Wednesday, 24 May 2006

The Clean House, MTC, May 24, 2006

The Clean House by Sarah Ruhl 
Melbourne Theatre Company
Fairfax Studio, May 24 until July 8, 2006
Reviewer: Kate Herbert on May 24, 2006

The Clean House by American playwright, Sarah Ruhl, is a cheerful comedy tinged with melancholy. It has a very American, almost a soap opera, style.

The central characters are Lane (Wendy Hughes) and her husband, Charles, (Pip Miller) two upmarket surgeons. Lane has a depressed Brazilian maid, Matilde (Daniela Farinacci) and a compulsive obsessive sister, Virginia (Deidre Rubenstein).

Charles’ South American patient, Ana, (Julia Blake) is dying with cancer as well as having an affair with Charles. Sounds like Days of Our Lives, doesn’t it?

The performances are polished and Kate Cherry’s direction is stylish. This is definitely a quirky comedy but it has little substance. Comparisons with Marquez’s Magic Realism are exaggerated. The collisions of past and present, imagination and reality are common in theatrical conventions.

Lane employs Matilde to clean her house. Cleaning depresses Matilde, a young woman born to parents who were “the funniest couple in Brazil.” Matilde’s goal is to create the funniest joke in the world and to become a comedienne. The irony is that she tells all her jokes in Portugese and they are untranslatable.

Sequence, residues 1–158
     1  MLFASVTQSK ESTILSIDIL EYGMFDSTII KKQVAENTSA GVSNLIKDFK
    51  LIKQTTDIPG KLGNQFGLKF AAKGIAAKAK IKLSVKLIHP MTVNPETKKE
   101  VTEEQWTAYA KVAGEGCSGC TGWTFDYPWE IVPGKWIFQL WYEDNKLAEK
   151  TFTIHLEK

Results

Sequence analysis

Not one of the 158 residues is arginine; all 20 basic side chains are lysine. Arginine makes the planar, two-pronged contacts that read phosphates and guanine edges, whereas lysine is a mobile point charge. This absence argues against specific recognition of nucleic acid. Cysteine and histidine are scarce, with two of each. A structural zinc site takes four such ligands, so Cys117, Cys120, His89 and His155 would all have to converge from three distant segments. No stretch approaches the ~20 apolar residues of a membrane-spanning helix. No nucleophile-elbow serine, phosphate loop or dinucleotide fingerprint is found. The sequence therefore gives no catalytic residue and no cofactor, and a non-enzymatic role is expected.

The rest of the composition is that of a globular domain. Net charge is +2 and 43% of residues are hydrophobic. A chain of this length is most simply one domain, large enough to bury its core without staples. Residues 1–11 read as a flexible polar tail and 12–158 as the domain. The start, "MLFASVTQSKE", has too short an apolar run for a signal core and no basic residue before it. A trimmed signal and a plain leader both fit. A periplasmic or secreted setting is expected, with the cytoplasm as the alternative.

The comedy in The Clean House revolves around dirt and the chaos of ordinary relationships. Grief and love, obsession and habit are the foundations on which Ruhl constructs her humour.

Despite the wealth of talent on the stage, the script is amusing but ultimately unsatisfying, leaving one with a sense of having seen a piece of fluff.

Christina Smith’s all white, contemporary set design allows Cherry to explore scenes imaginatively, placing them behind scrims, blinds, on upper levels and in deep background. Lighting by Jon Buswell, provides atmosphere and depth to the design.

Farinacci manages the Brazilian accent well and rise to the challenge of making foreign language jokes seem funny. A gravel-voiced Hughes plays the abrasive Lane with an edge of anxiety and panic and gives the character a journey to compassion and peace by the finale.

Rubenstein, as Virginia, provides much of the comedy with her motherly fussing and obsessive cleaning of Lane’s house.  Miller finds some layers and comedy in the rather underwritten character of Charles and Blake is charming and alluring as the beautiful South American patient who literally charms the pants off Charles.

The second act certainly raises the emotional stakes in this light comedy and perhaps it gently prompts audiences to consider their personal lives. It is certainly not a thesis on relationships.

By Kate Herbert

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